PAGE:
“In sickness and health,” “til death do us part” – all very powerful words in marriage vows. It’s a common refrain that successful marriages take a lot of work. There are so many components to keeping both people happy with each other, namely good communication, very little drama when it comes to making financial decisions, right?
What do couples do when person A in the relationship wants to make a decision that the person B doesn’t agree with? Option 1 is for person A to do it anyway and risk alienating person B if the decision turns out to be the wrong one. Option 2 is for person A to forget about it altogether and completely acquiesce to the desires of person B. And, of course, option 3 is the great compromise where both parties get a little something out of the deal. Anyone who’s spent any time at all in a long-term relationship has experienced this scenario countless number of times.
The situation gets a little more complicated, however, when the decision in question has to do with making a major career decision. The tricky part here is that the move could be something that person A is really excited about and wants to go through with it even though the decision could potentially be life-changing. What if the spouse doesn’t want life to change? And when you take the gender-neutral rules out of the equation, that familiar book (you know the one about women and men being from different planets) taught us that men seek to solve problems for women when a lot of times women simply want to be supported not directed. So if person A is a woman and she has a male spouse he may be pretty unsupportive of her big career move, particularly if it’s risky or represents any sort of paradigm shift away from what she used to do for a living.
In these tough economic times when so many people are losing their jobs, are underemployed, or simply unhappy and unfulfilled in the jobs they have, it’s vitally important to take the time to get absolutely quiet and still and to listen to your own voice. Not every decision you make is collaborative just because you’re married, because at the end of the day you’re the one who has to live your own life. So what’s a gal to do? Eat right, get enough zzz’s , and add a healthy dosage of good ‘ole self-help guide medicine, that’s what. Because it takes real guts to change course in one’s life, you’ve got to keep that steady stream of positive messages in your head to get strong mentally. On the computer? Use the search term “life coach” and you’ll find the latest intimation of motivational speaker chat whenever you need it. Want to get your daily dose of positivity to carry around with you in old-fashioned form? Let’s take a closer look at a few of the really good motivational books out there, two old school and two newer ones.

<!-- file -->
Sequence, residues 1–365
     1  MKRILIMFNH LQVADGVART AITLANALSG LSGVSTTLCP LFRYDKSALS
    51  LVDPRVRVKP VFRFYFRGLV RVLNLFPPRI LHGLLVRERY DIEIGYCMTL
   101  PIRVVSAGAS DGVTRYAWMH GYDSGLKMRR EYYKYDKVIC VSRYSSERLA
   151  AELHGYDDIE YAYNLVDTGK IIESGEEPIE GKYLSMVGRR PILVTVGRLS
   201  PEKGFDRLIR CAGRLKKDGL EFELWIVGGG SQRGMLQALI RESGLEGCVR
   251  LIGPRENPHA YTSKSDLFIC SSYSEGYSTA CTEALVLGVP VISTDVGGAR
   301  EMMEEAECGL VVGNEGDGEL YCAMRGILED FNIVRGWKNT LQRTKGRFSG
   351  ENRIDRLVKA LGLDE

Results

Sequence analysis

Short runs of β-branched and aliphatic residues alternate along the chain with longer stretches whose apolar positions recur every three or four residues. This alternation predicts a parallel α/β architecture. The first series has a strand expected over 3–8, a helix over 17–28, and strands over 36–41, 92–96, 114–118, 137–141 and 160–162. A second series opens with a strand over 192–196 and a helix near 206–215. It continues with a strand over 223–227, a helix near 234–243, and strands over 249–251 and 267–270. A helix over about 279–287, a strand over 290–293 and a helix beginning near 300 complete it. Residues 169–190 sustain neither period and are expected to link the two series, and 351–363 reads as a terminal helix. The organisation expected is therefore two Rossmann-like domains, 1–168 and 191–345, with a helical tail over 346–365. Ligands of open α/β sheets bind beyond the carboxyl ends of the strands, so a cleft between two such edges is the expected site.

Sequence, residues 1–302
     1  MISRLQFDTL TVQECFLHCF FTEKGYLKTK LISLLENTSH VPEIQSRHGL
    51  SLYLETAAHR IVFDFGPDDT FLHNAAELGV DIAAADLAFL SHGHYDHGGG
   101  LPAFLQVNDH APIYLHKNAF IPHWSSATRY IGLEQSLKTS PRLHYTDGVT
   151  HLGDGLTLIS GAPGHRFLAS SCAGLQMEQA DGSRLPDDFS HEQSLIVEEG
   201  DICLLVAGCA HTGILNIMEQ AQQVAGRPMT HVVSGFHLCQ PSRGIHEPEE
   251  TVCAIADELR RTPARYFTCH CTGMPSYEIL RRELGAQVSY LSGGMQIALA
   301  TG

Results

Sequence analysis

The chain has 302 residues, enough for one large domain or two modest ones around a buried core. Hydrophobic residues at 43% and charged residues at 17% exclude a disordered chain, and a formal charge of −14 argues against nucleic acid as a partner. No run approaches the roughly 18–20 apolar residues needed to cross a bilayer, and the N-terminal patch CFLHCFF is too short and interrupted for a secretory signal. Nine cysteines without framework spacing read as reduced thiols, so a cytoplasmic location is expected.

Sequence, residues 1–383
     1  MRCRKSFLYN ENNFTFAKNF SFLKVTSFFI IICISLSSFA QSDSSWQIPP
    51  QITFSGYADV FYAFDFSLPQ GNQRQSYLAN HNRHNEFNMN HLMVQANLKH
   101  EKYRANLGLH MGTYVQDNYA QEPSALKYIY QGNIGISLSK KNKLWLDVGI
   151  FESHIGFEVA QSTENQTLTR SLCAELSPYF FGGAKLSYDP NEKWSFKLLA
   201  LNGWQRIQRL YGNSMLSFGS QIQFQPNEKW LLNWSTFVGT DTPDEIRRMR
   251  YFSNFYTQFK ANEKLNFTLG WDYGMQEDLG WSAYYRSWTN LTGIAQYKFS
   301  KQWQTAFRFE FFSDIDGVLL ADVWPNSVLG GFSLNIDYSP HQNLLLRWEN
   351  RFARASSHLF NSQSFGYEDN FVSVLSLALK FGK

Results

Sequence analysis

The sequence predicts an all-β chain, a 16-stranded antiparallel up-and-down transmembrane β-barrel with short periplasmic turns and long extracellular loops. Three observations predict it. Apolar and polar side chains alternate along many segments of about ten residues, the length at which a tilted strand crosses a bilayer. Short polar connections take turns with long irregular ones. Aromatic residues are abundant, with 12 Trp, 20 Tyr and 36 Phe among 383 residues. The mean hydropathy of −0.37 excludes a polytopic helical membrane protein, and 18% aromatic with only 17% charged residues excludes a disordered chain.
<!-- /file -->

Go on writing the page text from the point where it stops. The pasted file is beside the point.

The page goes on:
Think and Grow Rich. This is a real classic. Published back in 1937, the author Napoleon Hill deftly lays out the secrets to turning away from a life of poverty and towards a life of wealth and success. Hill studied and shares through his writing the techniques and mindsets shared by countless number of uber successful people in a variety of industries. The work has been reprinted a lot over the years and the 21st century version is offered as well. If you’re looking for what many consider to be an original blueprint for achievement, this book (and, in fact, there’s a whole series of related materials) is a great place to start.
Another book that is considered a well-respected cornerstone of people in the market for personal improvement and continual success in life is Steven Covey’s The Seven Habits of Highly Effective People: Powerful Lessons in Personal Change (published in 2004). Covey takes his readers on a journey filled with illustrative stories about the power of managing one’s life and the powerful importance of embracing interdependence. The book is about how to go about living a principled life in order to achieve success and personal happiness.
If those books are old-school personified, Do You! Twelve Laws to Access the Power in You to Achieve Happiness and Success by Russell Simmons is a 21st century definitive motivational guide that was published in 2007 and continues to be sold worldwide today. The multi-millionaire music and television entertainment producer, a mega mogul by anyone’s definition, Simmons generously shares key anecdotes from the past 20 years of his career that illustrate the laws of success he’s followed that have made him what he is today.
For those of you who are moved by a more spiritual frame of reference, consider Dr. Michael Beckwith’s The Life Visioning Process: An Evolutionary Journey to Live as Divine Love. One of the co-founders of The Secrets, made popular by The Oprah Winfrey television series, Beckwith’s book (published in 2008) guides readers towards the critical brainstorming phase of figuring out your life’s purpose, what you’re supposed to be doing as a career. A hallmark of this book is the guidance that it offers readers to stripping oneself from the victim mentality and offers solutions towards living a life of empowerment.
Think you don’t have enough time in your life to realistically read all of these books? Get the audio version and listen to them in your car. The point here is that we may be in the year 2010, but there’s nothing new about the need sometimes for a married woman get a little help from someone other than her husband to stand on her own two feet…and still stay married by doing it ethically, morally, and spiritually consistent with your values of course! Whether it’s finding a life coach online, reading the time-tested words of some of the best 20th century coaches, or gleaning the secrets of our favorite new-school sages, there’s an effective message out there for anyone who needs to hear it. All you have to do is look for it.